“The second part of the quote about more precise measurement – now that really does sound like Kelvin. His whole essence of thinking was the universe is a complicated place. It has its limits but science is remarkably good at making sense of the world. And the key to making progress is not just to sit and theorise, it’s to measure stuff.”


Professor Hendry believes the body of mathematics, science and engineering Kelvin studied is important not just in and of itself but the manner in which he approached it, bringing both deep theoretical insight and innovative experimental technique.

“He relied on knowing the right people to work with. 

“Nobody could do it all on their own but he absolutely had the right partnerships: theoreticians to work with and bounce ideas off and write papers together. 

“On the experimental side, his realisation that, if you get good at building top-of-the-range, precise scientific equipment, the chances are this will have excellent opportunities for spin-offs or technology transfer.

“The fact he was able to spot when scientific ideas could be also turned into commercially viable, practical and useful products was important too. Perhaps the most well-known example of that is his work on the transatlantic telegraph cable.

“He also wrote a report about the viability of electric lighting in society, which helped move the dial enough to convince the government this was worth investing in. His was one of the first houses to be fully electrically wired for lighting.

“Again, that was about having the fundamental science knowledge to realise the importance of practical applications, but also having the savvy to immediately apply it to his and others’ lives.

“Nowadays we are encouraged as researchers to be aware of and look for opportunities for knowledge transfer and innovation. But it’s rare for somebody to be so at the top of their game all the way from the fundamental stuff to knowledge exchange.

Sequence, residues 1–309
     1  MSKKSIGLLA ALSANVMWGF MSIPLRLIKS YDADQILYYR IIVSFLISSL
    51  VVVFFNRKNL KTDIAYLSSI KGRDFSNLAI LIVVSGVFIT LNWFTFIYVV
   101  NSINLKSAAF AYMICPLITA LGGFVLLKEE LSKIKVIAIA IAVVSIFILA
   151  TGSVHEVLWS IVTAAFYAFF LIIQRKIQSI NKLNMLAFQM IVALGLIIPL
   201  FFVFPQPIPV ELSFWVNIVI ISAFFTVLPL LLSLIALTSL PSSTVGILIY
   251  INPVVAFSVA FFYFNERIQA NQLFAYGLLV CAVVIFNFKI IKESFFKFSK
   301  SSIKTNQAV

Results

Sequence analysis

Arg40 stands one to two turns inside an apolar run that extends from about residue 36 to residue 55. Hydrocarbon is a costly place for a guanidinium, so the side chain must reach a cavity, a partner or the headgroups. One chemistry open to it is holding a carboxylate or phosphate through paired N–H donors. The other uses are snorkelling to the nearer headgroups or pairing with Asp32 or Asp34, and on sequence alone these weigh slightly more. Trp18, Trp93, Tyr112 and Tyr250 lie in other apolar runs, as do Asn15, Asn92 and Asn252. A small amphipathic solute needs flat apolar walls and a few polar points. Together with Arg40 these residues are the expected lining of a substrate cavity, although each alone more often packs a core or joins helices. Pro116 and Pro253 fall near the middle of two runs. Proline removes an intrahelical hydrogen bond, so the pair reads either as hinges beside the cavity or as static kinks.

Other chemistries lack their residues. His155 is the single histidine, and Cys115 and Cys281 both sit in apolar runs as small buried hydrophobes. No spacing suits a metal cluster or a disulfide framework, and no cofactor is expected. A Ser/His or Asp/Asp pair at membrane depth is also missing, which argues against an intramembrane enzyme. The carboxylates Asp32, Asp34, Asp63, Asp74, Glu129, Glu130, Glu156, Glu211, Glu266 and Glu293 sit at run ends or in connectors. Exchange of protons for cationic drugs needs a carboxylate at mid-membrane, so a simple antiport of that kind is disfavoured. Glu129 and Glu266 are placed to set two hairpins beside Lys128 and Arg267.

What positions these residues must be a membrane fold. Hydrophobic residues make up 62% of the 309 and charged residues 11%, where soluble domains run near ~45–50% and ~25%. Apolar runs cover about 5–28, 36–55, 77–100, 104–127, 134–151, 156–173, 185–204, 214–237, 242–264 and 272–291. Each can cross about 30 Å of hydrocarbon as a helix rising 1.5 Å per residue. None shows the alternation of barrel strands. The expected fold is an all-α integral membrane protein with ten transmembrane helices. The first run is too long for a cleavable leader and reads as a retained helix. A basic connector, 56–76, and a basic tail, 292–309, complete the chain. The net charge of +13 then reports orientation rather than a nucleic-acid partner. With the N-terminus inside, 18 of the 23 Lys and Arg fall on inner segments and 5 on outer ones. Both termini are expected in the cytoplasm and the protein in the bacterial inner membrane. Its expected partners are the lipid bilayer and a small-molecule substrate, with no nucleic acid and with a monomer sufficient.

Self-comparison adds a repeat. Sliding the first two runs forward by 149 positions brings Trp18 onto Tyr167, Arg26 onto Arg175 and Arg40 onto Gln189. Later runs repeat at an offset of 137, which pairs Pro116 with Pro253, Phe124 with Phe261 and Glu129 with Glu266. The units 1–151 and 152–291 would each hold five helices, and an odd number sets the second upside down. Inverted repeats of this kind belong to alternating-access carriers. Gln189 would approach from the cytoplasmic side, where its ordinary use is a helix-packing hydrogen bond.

“I was head of physics and astronomy for a number of years and I would not expect colleagues to be doing all of that at the same time . . . yet Kelvin somehow seemed to manage to do that.”

While the world has moved on in 200 years, Professor Hendry notes Kelvin’s radical approach to science education remains a positive influence.

“His spirit is still there in how we teach science; for example, ensuring students have access to the latest equipment. It’s important they be exposed to that kind of experimental experience. 

“It is also a good illustration, not just within the university sector, but more broadly in education, of why students should ask questions and push the limits of their knowledge, just like Kelvin always did.  

“Notwithstanding the fact we have learned a lot more, the spirit of inquiry he brought to the whole business of science is still something we want to imbue in students.

“You’re laying the foundations for people to have the kind of critical thinking skills they’ll need throughout the rest of their life to make sense of the world at large.”


The Hunterian is inventive at bringing the past to life

WHILE Lord Kelvin’s work and thinking remain inspirational to discovery and innovation in modern science, his inventions are similarly alive and accessible to the world.